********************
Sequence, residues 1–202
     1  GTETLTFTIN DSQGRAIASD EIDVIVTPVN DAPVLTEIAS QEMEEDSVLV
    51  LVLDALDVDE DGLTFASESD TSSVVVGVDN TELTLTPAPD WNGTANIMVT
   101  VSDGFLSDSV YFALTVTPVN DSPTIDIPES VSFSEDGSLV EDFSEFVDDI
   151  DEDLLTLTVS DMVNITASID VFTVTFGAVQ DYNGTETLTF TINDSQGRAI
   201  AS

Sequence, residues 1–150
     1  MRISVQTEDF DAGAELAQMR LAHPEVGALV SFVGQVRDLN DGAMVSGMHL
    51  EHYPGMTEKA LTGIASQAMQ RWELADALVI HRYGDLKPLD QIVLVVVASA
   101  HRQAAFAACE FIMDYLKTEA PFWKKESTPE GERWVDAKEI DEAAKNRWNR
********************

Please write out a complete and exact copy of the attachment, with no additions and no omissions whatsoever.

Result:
Sequence, residues 1–202
     1  GTETLTFTIN DSQGRAIASD EIDVIVTPVN DAPVLTEIAS QEMEEDSVLV
    51  LVLDALDVDE DGLTFASESD TSSVVVGVDN TELTLTPAPD WNGTANIMVT
   101  VSDGFLSDSV YFALTVTPVN DSPTIDIPES VSFSEDGSLV EDFSEFVDDI
   151  DEDLLTLTVS DMVNITASID VFTVTFGAVQ DYNGTETLTF TINDSQGRAI
   201  AS

Sequence, residues 1–150
     1  MRISVQTEDF DAGAELAQMR LAHPEVGALV SFVGQVRDLN DGAMVSGMHL
    51  EHYPGMTEKA LTGIASQAMQ RWELADALVI HRYGDLKPLD QIVLVVVASA
   101  HRQAAFAACE FIMDYLKTEA PFWKKESTPE GERWVDAKEI DEAAKNRWNR